WHEN MARGARET THATCHER became prime minister of Britain, she had a much larger purpose than merely to govern. She intended to transform her country.

As a politician she represented an outraged reaction to three decades of steady economic decline relative to Britain's European rivals, particularly France and Germany, which by the late 1970s were conspicuously richer. A great many British voters, by no means all of whom belonged to her Conservative Party, were fed up with the old politics of compromise, accommodation and toleration of inefficiency. There was a rising resentment of the erosion of British power and standing. Those were the forces that launched Mrs. Thatcher's remarkable career.

She was prepared to defend British interests fiercely and if necessary with force -- as the Argentine generals discovered to their dismay in the Falklands. But her crucial battles were at home, particularly with labor unions and the far-left, quasi-Leninist leadership entrenched among the most militant of them. Some had begun to operate routinely outside the law and the rules of industrial democracy. The people who called the miners' strike of 1984 never deigned to put it to a vote of their own membership. Mrs. Thatcher fought them, won and ended the anarchy of British labor relations.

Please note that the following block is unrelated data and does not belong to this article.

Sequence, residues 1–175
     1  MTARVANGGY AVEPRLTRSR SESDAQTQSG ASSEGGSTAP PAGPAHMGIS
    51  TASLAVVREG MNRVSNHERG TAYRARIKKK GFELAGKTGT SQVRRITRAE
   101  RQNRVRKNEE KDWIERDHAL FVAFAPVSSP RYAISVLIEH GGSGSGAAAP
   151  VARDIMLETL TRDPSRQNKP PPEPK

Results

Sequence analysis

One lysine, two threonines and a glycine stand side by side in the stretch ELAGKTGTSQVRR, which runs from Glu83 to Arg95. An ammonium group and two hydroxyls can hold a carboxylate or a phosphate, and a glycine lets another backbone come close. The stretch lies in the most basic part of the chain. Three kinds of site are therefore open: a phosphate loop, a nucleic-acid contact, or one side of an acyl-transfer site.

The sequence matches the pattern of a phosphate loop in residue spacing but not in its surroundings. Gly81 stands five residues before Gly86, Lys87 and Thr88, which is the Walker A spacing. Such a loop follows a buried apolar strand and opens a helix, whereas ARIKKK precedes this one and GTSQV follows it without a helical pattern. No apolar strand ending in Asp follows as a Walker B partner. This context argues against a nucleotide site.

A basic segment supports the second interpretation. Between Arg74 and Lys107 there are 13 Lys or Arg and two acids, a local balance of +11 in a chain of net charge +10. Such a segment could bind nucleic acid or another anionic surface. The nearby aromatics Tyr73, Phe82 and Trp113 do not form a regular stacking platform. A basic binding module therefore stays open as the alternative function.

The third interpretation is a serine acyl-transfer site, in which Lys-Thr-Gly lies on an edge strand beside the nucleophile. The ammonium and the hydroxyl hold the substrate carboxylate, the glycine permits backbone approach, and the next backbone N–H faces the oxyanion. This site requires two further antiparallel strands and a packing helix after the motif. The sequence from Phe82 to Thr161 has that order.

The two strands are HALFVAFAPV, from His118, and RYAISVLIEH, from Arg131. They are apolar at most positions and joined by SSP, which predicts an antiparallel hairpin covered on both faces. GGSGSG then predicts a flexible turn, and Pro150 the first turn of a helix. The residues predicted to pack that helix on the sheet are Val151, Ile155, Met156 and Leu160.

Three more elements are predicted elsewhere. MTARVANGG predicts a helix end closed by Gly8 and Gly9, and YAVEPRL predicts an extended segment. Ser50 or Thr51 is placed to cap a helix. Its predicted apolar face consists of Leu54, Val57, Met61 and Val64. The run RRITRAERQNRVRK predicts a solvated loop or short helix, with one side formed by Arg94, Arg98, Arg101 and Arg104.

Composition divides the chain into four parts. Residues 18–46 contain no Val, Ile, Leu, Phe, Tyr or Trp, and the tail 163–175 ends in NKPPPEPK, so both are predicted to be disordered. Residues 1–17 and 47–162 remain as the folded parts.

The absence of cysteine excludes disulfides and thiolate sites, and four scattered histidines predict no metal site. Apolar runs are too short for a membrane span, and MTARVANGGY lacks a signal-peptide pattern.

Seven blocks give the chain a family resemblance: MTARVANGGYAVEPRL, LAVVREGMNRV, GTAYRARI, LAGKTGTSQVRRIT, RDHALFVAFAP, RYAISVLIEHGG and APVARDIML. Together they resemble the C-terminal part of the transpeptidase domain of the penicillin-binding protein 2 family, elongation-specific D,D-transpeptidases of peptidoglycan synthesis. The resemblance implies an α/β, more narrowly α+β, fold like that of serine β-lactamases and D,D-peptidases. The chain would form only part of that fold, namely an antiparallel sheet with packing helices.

She sold public enterprises to private owners and sold public housing to its tenants. She herself embodied the values that she labored to impose on her country: courage, discipline, self-reliance.

But as time passed, her exercise of power seemed to grow more personal and less open to argument. She had largely won her struggle with the left but, to make it harder for left-wing majorities in local governments to raise revenues, she insisted on shifting from property taxes to the highly regressive poll tax that went into effect last spring. It was not only the most unpopular tax of this century and a major tactical error.

It also showed Mrs. Thatcher at her worst, vindictive and not much interested in social equity. Similarly, she had her party with her when she fought the European Common Market over financial formulas that were unfair to Britain. But when her position developed into a hard, visceral hostility to all things European, her allies began to leave her. That was the immediate cause for the rebellion that is now forcing her to resign.

To judge Mrs. Thatcher's revolution it will be necessary to see how much force it retains after she has gone and whether the pattern of British economic growth is permanently changed. But one achievement is beyond argument. She persuaded a country that in 1979 was dispirited and deeply divided that it did not have to sink passively into mediocrity. She fundamentally changed the atmosphere of British politics and set a standard of intrepid leadership that her successor will be hard pressed to equal.